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Alternators generate electricity by the same principle as DC generators. When magnetic field lines cut across a conductor, a current is induced in the conductor. In general, an alternator has a stationary part (stator) and a rotating part (rotor). The stator contains windings of conductors and the rotor contains a moving magnetic field. The field cuts across the conductors, generating an electrical current, as the mechanical input causes the rotor to turn.
The rotor magnetic field may be produced by induction (in a "brushless" generator), by permanent magnets, or by a rotor winding energized with direct current through slip rings and brushes. Automotive alternators invariably use brushes and slip rings, which allows control of the alternator generated voltage by varying the current in the rotor field winding. Permanent magnet machines avoid the loss due to magnetizing current in the rotor but are restricted in size owing to the cost of the magnet material. Since the permanent magnet field is constant, the terminal voltage varies directly with the speed of the generator. Brushless AC generators are usually larger machines than those used in automotive applications.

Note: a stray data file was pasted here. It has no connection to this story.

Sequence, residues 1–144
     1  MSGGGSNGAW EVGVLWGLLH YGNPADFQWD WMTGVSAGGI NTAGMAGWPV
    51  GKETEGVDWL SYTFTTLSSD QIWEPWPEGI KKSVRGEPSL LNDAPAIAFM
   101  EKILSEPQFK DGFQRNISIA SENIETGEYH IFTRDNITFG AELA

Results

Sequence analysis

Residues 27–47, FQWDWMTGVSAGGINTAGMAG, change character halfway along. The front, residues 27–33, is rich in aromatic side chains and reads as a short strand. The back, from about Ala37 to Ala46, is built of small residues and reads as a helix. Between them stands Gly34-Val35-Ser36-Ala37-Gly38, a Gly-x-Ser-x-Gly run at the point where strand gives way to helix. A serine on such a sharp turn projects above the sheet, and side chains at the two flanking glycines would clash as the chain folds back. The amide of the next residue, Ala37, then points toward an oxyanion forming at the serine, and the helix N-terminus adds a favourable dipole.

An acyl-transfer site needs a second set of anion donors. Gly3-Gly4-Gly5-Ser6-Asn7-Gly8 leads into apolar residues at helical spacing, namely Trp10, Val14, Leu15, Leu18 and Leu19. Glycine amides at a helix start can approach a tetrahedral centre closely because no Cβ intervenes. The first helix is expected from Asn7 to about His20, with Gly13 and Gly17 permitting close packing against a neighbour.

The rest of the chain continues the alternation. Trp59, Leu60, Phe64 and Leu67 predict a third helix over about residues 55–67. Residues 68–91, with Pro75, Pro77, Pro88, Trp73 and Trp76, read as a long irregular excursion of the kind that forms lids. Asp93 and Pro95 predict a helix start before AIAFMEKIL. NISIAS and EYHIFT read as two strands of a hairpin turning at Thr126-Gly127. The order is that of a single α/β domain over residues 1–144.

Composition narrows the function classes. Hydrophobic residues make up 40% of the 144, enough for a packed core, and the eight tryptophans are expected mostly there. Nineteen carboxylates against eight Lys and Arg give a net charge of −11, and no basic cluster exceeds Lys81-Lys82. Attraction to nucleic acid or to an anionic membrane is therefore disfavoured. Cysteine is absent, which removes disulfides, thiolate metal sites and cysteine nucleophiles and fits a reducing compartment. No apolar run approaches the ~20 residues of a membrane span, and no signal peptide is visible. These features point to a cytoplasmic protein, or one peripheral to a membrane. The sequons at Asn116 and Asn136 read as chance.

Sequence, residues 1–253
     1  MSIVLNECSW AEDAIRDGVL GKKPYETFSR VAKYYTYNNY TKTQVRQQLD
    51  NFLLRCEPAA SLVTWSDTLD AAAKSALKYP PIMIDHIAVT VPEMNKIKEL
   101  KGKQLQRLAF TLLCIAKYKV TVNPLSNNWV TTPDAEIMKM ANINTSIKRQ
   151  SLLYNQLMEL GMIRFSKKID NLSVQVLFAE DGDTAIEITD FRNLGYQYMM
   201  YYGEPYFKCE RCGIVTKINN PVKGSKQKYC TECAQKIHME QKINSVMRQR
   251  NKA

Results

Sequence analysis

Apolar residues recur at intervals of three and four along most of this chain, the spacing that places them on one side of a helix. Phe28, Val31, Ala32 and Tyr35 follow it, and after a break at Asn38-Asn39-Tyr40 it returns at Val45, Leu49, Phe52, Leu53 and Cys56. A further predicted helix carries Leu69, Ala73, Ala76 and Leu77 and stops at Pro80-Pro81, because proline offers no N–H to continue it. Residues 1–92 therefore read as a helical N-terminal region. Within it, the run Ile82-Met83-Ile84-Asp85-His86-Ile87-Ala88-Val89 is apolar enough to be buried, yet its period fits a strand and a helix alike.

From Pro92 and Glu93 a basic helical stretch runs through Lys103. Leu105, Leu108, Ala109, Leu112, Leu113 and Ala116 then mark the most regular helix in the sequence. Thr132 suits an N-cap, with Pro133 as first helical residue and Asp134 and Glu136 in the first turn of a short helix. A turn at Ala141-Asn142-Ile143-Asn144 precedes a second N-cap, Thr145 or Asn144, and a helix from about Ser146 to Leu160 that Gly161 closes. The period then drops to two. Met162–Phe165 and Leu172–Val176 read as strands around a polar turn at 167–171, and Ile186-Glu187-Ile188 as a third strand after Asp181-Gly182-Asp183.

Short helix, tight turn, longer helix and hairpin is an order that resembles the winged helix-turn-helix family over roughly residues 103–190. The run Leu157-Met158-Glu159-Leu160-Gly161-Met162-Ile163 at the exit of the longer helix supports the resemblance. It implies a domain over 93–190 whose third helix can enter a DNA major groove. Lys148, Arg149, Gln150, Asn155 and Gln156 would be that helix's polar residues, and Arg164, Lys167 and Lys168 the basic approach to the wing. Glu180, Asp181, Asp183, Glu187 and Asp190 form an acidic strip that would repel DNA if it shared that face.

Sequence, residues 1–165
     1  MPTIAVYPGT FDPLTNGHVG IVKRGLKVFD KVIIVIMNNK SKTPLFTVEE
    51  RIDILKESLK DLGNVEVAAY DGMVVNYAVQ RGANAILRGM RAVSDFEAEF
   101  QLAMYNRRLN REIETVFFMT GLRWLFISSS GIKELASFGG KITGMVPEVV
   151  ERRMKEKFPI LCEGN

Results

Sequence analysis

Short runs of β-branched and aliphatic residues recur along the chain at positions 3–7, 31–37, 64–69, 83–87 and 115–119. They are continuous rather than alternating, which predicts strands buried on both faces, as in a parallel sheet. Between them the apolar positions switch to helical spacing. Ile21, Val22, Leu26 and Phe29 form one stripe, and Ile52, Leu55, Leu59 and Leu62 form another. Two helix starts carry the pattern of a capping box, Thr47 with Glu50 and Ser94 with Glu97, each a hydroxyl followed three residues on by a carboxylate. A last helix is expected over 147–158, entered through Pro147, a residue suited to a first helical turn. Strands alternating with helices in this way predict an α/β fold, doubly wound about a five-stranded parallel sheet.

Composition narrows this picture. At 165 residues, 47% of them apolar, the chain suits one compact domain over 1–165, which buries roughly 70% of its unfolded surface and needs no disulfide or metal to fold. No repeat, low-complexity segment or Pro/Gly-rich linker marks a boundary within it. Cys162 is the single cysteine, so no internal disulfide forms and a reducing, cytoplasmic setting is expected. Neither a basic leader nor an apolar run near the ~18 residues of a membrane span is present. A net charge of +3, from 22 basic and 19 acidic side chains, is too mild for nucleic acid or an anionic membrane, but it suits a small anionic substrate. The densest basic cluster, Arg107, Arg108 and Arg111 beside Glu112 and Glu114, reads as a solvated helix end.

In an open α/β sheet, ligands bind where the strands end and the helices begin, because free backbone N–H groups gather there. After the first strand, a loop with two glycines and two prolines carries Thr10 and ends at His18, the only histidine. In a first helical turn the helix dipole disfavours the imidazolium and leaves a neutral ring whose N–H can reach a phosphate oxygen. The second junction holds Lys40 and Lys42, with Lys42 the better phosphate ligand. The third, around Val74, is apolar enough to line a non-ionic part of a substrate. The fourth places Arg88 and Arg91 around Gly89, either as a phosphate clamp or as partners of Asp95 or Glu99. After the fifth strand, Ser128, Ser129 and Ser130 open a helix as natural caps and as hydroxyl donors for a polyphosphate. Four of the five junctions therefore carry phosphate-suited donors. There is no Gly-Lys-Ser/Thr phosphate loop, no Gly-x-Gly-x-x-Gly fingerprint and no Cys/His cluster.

How Car Alternators work?-video:
How Alternators work?-video: